Sunday 30 June 2013

Creative Restoration.

 Though we all work with the book (and for some of us the book is our lives not just work), there are many different aspects, areas, genres and supposed levels. I am of the mind that to understand the few areas of the book that I live with, I have to be, at the very least, aware of as many different aspects as possible. I find many who work with the book to be blinkered and not to look beyond the edge of their own bench. That their way is the only way, not open or dismissive to other ways of working.

It is often the case that at the end of one of my talks I dread the Q and A because of a certain sort of person or people. Usually to be found huddled in small packs on either the front row or back row. The conversation is just above a whisper, just audible but not clear, heads nodding in puppet like unison and derisory laughter issuing forth. 

The lights dim and the introductions made, the pack turns in hierarchical order and as one, arms fold, knees cross and bodies lean back in the seat. A receptive audience then !

As the talk progresses, images flicker on the screen and in my peripheral vision the shaking of heads begins. Members of the pack confer and confirm how right they are and how wrong I am. The knowing smirks and raised eyebrows, the side long whispers passed from willing ear to willing ear. Often the talk is interrupted, " In my opinion" (In your limited knowledge on a subject you know little about and probably have even less practical knowledge of)  "Do you really mean that ?" (Of course I do or I would not have said it) the list goes on and on.

The talk concludes with the Q and A session. Now the pack curl their collective lip, their teeth honed ready to draw blood and cement their Superior skill and knowledge. The Alpha of the pack opens the session with "Mr Cockram, do you ever think about the conservation issues with your work ?" The titters from the pack sound like preening monkeys, how deep the question, how right to ask they are.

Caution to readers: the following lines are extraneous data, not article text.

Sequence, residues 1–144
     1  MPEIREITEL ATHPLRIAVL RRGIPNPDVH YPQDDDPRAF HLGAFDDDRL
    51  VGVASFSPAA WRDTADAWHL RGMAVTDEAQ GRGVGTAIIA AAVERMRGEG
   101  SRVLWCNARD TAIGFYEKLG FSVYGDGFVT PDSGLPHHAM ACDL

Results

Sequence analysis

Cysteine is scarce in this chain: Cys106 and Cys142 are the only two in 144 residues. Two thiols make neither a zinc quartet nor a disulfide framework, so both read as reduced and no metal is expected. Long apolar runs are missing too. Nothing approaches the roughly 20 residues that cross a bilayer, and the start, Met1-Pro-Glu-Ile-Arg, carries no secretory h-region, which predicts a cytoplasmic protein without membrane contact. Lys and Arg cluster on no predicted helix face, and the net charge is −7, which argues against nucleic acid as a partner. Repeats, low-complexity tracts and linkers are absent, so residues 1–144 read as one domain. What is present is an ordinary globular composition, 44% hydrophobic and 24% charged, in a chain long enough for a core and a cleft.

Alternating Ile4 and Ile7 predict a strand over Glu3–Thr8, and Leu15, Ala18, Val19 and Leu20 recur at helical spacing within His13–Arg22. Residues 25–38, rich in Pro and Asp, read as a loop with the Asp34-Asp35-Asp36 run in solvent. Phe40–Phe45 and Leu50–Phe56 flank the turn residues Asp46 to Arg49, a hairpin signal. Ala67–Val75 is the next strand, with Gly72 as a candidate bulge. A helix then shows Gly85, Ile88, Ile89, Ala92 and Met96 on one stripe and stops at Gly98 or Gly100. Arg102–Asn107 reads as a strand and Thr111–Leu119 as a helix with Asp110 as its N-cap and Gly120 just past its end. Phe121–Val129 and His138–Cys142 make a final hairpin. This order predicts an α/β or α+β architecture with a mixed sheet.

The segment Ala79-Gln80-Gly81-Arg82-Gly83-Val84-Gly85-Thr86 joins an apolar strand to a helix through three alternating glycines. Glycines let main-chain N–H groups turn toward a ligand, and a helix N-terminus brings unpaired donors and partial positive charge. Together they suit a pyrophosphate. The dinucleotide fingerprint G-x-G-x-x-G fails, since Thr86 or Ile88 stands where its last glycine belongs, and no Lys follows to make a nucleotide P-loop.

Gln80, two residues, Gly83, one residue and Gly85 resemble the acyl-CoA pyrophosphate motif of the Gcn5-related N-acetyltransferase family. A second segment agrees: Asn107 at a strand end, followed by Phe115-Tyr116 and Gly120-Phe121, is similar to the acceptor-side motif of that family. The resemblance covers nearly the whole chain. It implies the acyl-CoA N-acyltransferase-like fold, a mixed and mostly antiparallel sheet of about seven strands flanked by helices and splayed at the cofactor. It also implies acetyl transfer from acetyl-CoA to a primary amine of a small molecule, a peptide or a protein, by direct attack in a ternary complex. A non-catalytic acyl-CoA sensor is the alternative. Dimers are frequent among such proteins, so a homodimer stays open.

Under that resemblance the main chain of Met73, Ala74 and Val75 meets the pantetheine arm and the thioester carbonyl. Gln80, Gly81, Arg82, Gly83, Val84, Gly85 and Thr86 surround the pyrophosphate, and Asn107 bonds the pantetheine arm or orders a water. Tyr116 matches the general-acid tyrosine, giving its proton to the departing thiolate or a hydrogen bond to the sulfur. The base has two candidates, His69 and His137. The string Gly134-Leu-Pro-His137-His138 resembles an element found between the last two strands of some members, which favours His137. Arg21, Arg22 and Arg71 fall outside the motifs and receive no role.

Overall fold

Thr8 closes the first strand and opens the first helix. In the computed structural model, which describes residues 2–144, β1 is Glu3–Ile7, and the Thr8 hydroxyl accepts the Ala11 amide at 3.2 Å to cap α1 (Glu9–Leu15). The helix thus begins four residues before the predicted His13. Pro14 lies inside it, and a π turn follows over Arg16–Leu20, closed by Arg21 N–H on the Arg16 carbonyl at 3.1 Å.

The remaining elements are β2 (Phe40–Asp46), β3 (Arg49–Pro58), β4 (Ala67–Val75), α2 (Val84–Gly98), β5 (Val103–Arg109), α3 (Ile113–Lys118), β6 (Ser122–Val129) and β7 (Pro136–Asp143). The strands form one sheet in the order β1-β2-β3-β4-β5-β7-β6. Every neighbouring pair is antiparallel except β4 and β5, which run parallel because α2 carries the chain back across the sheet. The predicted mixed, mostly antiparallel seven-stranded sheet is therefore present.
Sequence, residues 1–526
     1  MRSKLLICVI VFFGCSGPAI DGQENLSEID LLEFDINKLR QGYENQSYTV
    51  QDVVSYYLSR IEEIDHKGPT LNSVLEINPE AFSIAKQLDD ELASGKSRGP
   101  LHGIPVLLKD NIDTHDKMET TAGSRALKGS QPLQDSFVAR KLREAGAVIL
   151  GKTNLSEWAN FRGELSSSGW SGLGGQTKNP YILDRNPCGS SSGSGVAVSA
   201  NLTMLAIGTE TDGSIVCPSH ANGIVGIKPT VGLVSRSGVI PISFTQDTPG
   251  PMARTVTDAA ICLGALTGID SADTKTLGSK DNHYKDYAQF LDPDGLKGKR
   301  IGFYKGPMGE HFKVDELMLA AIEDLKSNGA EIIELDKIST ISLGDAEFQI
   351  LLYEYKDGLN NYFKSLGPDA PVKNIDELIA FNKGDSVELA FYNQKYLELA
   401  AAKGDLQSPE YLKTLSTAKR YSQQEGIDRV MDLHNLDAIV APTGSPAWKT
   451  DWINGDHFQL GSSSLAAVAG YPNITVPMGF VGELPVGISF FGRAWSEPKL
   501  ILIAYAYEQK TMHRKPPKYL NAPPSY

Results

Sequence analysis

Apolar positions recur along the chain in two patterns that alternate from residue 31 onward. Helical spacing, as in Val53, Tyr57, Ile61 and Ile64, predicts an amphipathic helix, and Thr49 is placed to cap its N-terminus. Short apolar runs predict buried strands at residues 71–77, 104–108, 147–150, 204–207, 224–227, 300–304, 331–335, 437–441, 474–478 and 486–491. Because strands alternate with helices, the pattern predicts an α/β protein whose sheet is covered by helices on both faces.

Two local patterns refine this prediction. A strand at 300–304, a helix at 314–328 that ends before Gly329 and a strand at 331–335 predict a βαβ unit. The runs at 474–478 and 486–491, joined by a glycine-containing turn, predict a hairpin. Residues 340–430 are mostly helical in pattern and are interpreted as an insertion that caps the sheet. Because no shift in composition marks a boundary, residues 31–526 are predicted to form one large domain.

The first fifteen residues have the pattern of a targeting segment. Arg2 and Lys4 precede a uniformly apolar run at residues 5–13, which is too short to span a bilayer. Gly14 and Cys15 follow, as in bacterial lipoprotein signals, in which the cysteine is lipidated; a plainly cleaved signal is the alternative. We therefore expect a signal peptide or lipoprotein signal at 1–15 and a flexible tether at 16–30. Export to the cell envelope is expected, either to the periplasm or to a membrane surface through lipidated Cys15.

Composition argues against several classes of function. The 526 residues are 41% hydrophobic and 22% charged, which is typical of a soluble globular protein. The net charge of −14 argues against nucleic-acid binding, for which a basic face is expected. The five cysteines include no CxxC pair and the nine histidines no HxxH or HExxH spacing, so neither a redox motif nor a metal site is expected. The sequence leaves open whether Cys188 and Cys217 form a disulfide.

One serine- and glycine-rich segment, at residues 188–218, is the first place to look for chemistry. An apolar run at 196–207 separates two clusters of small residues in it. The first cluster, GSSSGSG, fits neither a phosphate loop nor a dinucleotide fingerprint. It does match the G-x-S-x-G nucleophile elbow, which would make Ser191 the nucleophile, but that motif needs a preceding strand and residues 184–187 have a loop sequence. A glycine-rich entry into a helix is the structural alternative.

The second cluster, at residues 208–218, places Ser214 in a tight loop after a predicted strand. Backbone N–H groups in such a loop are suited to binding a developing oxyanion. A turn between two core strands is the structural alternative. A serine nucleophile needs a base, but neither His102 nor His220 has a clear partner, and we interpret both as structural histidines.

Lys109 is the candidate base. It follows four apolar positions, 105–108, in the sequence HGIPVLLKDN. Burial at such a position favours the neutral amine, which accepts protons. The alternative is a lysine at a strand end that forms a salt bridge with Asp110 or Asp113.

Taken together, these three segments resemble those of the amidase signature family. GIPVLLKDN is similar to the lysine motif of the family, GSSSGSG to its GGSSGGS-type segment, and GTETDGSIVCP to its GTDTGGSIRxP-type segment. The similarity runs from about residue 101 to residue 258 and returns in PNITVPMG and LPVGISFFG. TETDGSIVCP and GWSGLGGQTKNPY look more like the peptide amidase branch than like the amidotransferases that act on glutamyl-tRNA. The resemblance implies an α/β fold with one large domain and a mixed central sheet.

"Yes" I reply."Next question please"................

Saturday 29 June 2013

And now for something completely different..... Creative Restoration.'

I think it is fair to say that I am not really thought of as a book restorer. Hand on heart I can think of a lot of people that would choke on their tea if my name and book  restoration were used in the same sentence let a lone the same century.

It is a little known fact that for a number of years I stood at the bench, leather re-back after leather re-back. The smell of red rot still lingers, I wake from the nightmare that is calf turning black for no reason, once pliable goatskin changing to iron and bits of centuries old biscuit being brushed form the gutters. Happy days, happy memories.

I have a deep respect for the binders of the past. Their job was tough, often in dank cellars, working all the hours to make the boss happy (nothing changes) where skill often gave way to speed, profit and margins, I know it is business but I feel that the public's appreciation of the book has suffered because of this. 

What is often forgotten is the fact that the mechanisation of printing, a wonderful and marvellous thing, came about years before the mechanisation of binding. To keep up with demand corners were cut or not as the case may be, materials became less in quality and the book started the downwards spiral towards the paper back.

A long time ago I purchased a book. A dirty little thing, spine gone...

Both boards detached ......

But what a title;   BRITISH GALLERIES of ART, printed in 1824. For a number of years this tiny tome languished in the pile of books that is my 'One day I will get round to doing this'

And that day arrived.

Wednesday 26 June 2013

Coir (?) Perhaps Philippine Spine and Flottage papers.

Following on from my first attempt with the coconut fibre (perhaps coir) I refined and made again, this time with Flottage decorated papers. I really, really like the combination.

A Two Tray Drop Back Box lined with the same paper, I tend to work with A1. The very nature of Flottage paper means that it is nearly impossible to get repeat and I like that. Each sheet is different and there is no guarantee that it will work. What fun.

Sunday 23 June 2013

Coconuts, Books and the Philippines.